Care Sector Calls On Government To Address Care Crisis

The Care and Support Alliance has joined forces with the Association of Directors of Adult Services (ADASS), the Care Provider Alliance (CPA) and the NHS Confederation to call on the Government to invest in social care.

In a joint submission to the Treasury ahead of the Government’s spending review, we have warned that more and more people need social care, but fewer are getting it than before. This is leading to higher levels of unmet need displaced most likely to unpaid carers and the NHS. In addition, chronic under-funding of care means that quality is being compromised across the sector.

Moreover, the care market is fragile; councils have frozen fees and providers are exiting the market, with lenders delaying investment decisions in the care industry as they await the announcement of the spending review. In addition, while we have welcomed the announcement of the National Living Wage, it is essential that it is funded.

Vicky McDermott, chair of the Care and Support Alliance, said: “Chronic underfunding of social care has seen dramatic year-on-year rationing of support for older and disabled people and their carers, excluding hundreds of thousands of people from the support they desperately need.

“Investment in care is not only the right thing to do for some of the most vulnerable in society, but also makes economic sense as it will help ease the challenges faced by the NHS and other public services.

“The Government must take leadership on this issue and use the spending review in November to address the crisis in care.”

Ray James, President of ADASS said: “It is vitally important that this year’s Spending Review understands the importance of our services to vulnerable people; the significance of a well-funded, collaborative and integrated social care service has for the NHS, and the near-certainty that without adequate and sustained finances our ability to carry out our Care Act duties to maintain a viable home and residential market will be in jeopardy.”

Rob Webster, chief executive of the NHS Confederation, said: “Funding for health and social care is no longer keeping pace with public demand and it’s vital that this doesn’t put patients at risk. These services desperately need a sustainable, long-term financial settlement to avoid a real crisis and to help them plan and invest as wisely as possible. We have called for that commitment from the Treasury – including appropriate funding for social care. Having a shiny NHS cog will be no good in a broken health and care machine.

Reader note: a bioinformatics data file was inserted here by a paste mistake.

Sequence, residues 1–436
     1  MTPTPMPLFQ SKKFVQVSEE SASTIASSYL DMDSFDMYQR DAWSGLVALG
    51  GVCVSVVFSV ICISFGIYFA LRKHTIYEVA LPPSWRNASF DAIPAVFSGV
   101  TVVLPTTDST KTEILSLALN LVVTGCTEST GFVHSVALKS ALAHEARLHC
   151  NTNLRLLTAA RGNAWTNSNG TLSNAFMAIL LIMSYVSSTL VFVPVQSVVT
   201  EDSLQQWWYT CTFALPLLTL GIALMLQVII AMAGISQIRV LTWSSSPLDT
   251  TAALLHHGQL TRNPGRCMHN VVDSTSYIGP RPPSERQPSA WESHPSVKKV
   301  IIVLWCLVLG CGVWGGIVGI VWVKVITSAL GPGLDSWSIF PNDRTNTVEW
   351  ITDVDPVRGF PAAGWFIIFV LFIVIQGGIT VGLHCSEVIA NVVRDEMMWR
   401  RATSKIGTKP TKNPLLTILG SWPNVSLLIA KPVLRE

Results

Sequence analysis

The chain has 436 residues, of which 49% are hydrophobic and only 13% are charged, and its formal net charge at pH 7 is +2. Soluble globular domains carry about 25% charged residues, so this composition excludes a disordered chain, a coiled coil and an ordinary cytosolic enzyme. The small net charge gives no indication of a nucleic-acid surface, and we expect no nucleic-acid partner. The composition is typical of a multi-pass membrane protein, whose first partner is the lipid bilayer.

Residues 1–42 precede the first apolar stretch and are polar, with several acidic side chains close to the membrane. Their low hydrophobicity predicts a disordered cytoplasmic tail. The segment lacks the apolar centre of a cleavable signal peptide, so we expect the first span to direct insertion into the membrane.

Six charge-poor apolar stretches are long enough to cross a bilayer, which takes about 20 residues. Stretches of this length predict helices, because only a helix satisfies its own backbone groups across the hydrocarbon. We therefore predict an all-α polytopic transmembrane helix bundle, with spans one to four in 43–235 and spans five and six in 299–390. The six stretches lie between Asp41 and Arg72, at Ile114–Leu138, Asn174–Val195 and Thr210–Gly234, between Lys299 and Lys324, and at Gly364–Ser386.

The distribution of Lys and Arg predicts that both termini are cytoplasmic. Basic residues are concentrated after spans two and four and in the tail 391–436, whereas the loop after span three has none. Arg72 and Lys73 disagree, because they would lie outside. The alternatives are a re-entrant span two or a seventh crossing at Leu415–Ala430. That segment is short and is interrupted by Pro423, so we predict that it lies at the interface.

“Eighty-seven per cent of NHS leaders told us they want a five-year financial commitment from the Government on health and social care. And ninety-two per cent said funding cuts in social care were also having a negative knock-on effect on their own organisations and their services for patients.

“All these services are interconnected and all need greater financial certainty to build the new models of care outlined in NHS England’s Five Year Forward View.”

Frank Ursell, representing the Care Providers Alliance, said: “The unprecedented scale and severity of the financial challenges facing the whole of the social care sector are such that we, the providers of services, have joined with the local authorities that commission those services to call on the government for urgent help.

“This means both protecting social care funding from any further budget cuts at a national level, and taking steps to bridge the significant and fast-worsening funding gap that will hit the entire sector over the next five years unless corrective action is taken now. Doing nothing is simply not an option if this country is to honour its obligations to older people and adults of all ages with mental health problems and disabilities.”

 

 

 

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